Science teacher Tim Turk is the kind of fellow who tends to see his beaker as half-full. It's a good trait for someone recovering from 10 broken bones and a traumatic brain injury.

Science teacher Tim Turk is the kind of fellow who tends to see his beaker as half-full. It's a good trait for someone recovering from 10 broken bones and a traumatic brain injury.

"I'm here. I'm breathing. And I keep getting better every day," Turk said.

Turk, 46, spun his wheelchair in a half-donut Friday afternoon, then jetted down the aisle of his classroom at McLoughlin Middle School. One foot propelled the chair, and one hand waved a pink sheet bearing the periodic table.

"The students have been an amazing support for me," Turk said. "Sometimes I stop in the middle of a story because I lose track of where I am, or I'm searching for a word. And they supply it. Then I've learned it again, and I have it again."

Turk was finishing up a bike ride with several buddies in the San Francisco Bay Area one weekend in May, about three weeks before the end of the school year, when he collided with a speeding motorcycle rider.

Turk doesn't remember the accident. In fact, he doesn't remember much of anything from then until a week later.

But witnesses have told him that he turned left in front of the motorcycle.

Both riders tried to avoid each other, but the crash was horrific. The motorcycle rider somehow managed to escape serious injury. Turk was not so fortunate.

"I broke 10 bones, smashed my pelvis and I broke my helmet," Turk said. "Yes, I suffered a traumatic brain injury. But just think what would have happened if I hadn't been wearing my helmet."

Janet Turk detailed her husband's injuries, and the anxious hours she and family and friends spent at his bedside once she got the call on May 18.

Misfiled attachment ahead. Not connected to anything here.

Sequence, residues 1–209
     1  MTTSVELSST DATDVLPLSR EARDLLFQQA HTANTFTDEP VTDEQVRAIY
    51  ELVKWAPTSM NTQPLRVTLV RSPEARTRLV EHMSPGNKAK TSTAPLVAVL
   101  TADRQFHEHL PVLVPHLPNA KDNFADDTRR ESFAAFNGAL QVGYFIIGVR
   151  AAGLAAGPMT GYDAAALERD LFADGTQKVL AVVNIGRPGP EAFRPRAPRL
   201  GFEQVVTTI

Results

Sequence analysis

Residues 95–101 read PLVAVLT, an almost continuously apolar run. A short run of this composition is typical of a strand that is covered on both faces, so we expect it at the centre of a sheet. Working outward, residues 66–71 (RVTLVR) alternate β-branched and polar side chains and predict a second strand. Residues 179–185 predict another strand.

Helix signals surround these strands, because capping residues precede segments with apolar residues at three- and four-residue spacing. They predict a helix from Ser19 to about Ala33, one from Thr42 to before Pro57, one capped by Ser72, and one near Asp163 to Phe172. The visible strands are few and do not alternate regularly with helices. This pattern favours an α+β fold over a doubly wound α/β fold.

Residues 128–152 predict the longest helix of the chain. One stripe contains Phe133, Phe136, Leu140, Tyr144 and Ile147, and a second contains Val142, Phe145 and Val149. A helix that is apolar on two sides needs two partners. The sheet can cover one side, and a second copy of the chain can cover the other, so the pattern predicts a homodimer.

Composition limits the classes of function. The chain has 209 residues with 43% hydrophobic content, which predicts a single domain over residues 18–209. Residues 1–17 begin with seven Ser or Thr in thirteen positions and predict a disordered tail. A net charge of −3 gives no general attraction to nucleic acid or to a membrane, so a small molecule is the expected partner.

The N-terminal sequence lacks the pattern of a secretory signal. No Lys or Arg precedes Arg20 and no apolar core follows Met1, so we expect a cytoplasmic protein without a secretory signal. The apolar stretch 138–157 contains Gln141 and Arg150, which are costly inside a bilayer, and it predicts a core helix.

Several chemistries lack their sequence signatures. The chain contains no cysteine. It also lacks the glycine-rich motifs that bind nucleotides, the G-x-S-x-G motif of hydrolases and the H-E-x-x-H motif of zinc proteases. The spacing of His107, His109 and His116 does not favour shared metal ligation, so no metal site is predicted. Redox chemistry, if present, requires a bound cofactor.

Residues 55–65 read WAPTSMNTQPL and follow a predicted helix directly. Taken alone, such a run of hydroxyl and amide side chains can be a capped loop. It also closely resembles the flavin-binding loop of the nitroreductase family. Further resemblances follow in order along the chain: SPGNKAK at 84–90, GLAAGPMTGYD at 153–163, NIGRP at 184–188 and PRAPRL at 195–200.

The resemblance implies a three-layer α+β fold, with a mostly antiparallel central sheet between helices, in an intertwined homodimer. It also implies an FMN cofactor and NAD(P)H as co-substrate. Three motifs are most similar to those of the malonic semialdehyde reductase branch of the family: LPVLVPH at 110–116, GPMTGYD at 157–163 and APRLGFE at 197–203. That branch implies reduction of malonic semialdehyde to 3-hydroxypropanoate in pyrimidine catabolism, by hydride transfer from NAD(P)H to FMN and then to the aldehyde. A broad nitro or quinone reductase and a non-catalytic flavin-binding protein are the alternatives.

"I didn't know the extent of things until I got there," she said.

Both Tim and Janet Turk know they are fortunate he didn't suffer spinal cord or organ injuries and that his brain injury was not more significant.

"He had no personality changes. His attitude has been super-positive. And his short-term memory has improved," she said. "It's not obvious to me anymore."

A community of friends rallied around while Turk endured stints in three separate Bay Area hospitals, a couple of surgeries and several months of rehabilitation therapies.

"We never left him alone," Janet Turk said.

Supporters rallied by setting up meal trains, organizing fundraisers to help with expenses and other kindnesses throughout the entire summer, she said.

"It was really phenomenal," she said. "It really does make a difference to people when something like this happens."

The start of the school year saw the 14-year-veteran teacher back in the classroom — a walking, talking, life-size science experiment in physics and physiology for his students.

"My first day back I told them what happened to me. I showed them my X-rays," Turk said.

Turk pulled out a "normal" skeletal system and compared it with his own, which includes several bones bearing large fractures knitted together with titanium pins.

The students say they're thrilled to have their favorite teacher back in class. They also appreciate his real-life lessons.

"There were long metal screws that were like 5 inches long," said 14-year-old Karen Valle.

Karen said Turk has shown considerable improvement since school started in September.

"He knows how to explain things really well," Karen said. "He's really fun."

Science is MacKenzie Radillo's favorite subject. The 13-year-old said she is happy to have Turk back, and "acting normal."

Turk is happy to be back in class, too. But he's also still attending weekly physical and cognitive therapy sessions, he said.

"They call it speech therapy. But it's really about cognitive development for my short-term memory issues," Turk said.

In addition to breaking his shoulder, several ribs, puncturing a lung and shattering his pelvis, Turk suffered a small brain bleed during the accident. The brain injury has resulted in some short-term memory issues that make it more difficult for him to remember names.

Sometimes he needs a little nudge to get back on track when he's relating a story on, say, the theory of relativity, he said.

"Big science-y words are hard for me," Turk said with a chuckle.

McLoughlin Principal Linda White watched while Turk stood and limped to the front of the class with the aid of his cane. Once there, he informed his students that sodium, an explosive metal, and chlorine, a lethal gas, combine to form something that ends up getting sprinkled over french fries.

"You call it salt," Turk said. "I just love that."

White smiled as Turk sank back into his wheelchair with a quiet grunt. Within seconds, he was rolling down the aisle to help a student.

"He still seems to know his sciences," White said.

Reach reporter Sanne Specht at 541-776-4497 or e-mail